Tuesday, June 24, 2008 (our first morning in Chiwaya, Malawi, Africa)
I believe the only way I'll truly know what day it is is to write daily in this journal. It will be easy to lose track of the days here - that much is very clear!
I slept great last night! What a relief! I was concerned that noises would make it difficult to sleep, but the earplugs worked great! You might wonder what noises I was concerned about. Well, I knew I'd be sharing a room with seven other girls and Kathryn (the only woman on the trip who is older than me) had already warned me she was a snorer.
Last night during worship, John pointed out the fact that in just the past few days we had seen a dramatic picture of how diverse worship venues can be. On Friday night we were in Visalia, California worshiping in a large, modern American church - very typical of the churches we're used to seeing...and God was there. On Sunday we stood at the back of St. Paul's Cathedral in London. Everything was grand and glorious - high sculptured ceiling covered with Biblical paintings, stained glass, marble and brass, pipe organ, and so much more...and God was there too.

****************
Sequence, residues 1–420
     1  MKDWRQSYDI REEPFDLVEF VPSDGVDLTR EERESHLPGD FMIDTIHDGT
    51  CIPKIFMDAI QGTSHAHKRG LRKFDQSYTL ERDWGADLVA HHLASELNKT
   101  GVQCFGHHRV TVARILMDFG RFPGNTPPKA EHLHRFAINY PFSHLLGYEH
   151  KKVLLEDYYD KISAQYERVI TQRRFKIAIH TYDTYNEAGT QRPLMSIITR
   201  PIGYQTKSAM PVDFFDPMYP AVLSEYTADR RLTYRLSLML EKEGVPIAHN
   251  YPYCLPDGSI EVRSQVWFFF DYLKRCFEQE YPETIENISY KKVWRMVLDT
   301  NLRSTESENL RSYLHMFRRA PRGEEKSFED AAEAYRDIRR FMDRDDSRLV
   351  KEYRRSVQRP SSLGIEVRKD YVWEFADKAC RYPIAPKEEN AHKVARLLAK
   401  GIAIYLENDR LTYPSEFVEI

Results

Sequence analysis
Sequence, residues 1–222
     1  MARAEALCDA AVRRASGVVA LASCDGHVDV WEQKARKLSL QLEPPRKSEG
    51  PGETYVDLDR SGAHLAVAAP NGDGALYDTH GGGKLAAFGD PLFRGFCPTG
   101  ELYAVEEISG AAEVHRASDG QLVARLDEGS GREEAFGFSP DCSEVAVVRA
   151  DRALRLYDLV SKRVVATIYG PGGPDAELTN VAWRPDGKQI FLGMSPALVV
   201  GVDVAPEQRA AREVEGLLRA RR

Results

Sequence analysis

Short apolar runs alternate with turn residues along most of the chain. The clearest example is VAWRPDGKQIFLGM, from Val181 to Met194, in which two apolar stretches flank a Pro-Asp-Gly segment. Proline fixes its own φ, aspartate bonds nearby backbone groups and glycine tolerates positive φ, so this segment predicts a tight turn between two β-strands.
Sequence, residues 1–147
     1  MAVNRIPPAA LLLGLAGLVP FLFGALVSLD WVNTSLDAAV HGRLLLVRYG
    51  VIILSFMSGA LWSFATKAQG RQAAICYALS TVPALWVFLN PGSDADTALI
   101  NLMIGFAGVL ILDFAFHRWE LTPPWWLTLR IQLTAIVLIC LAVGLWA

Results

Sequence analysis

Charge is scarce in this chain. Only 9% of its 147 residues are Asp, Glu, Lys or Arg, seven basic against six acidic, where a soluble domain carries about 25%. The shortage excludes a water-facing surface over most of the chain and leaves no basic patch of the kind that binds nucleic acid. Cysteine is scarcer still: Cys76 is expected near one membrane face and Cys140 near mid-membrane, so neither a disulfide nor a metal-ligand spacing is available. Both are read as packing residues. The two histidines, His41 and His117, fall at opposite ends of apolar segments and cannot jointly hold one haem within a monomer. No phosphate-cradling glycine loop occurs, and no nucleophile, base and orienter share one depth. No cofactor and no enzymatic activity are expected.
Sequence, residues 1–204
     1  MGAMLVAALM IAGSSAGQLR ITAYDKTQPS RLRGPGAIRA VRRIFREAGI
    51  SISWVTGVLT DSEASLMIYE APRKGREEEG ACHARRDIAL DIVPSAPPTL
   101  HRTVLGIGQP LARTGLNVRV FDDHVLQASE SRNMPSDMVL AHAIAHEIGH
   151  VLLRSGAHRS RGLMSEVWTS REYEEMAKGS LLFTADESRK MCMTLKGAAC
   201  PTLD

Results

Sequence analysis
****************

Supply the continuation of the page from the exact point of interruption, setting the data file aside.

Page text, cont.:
Here we are now...in buildings made of mud bricks and cement floors, no electricity, the thinnest of glass windows, no running water, no toilets or showers, no "modern" conveniences of any kind. In the sky we see the brightest stars and the blackest sky anyone has ever seen...and God is here too. A building does not the worship center make.
It’s great to see all these kids laughing together and having such a good time. They are comfortable around one another and they seem to genuinely like one another. It's fun to listen to them laugh with each other - and at themselves.
We are in the village of Chiwaya. Our hosts are Mike, Rafael and his wife Esther, and Yohanni (our cook). All these people work with YWAM (Youth With A Mission) and they are incredibly kind.
Last night for dinner we had rice and cabbage. It was SO good! This morning we had sticky rice with cinnamon and sugar...mmmmm :)
Yesterday we were taken to meet the chief of the village. She's a woman who looks much older than she almost certainly is. Rafael thinks she may only be in her mid-40's. She has a glow about her, but rarely smiles with her mouth open as she is missing most of her teeth. It is her job to settle the conflicts and squabbles among the villagers. She also serves as the midwife to all the women in the village. She was kind and welcoming. Later today we will paint her clinic for her.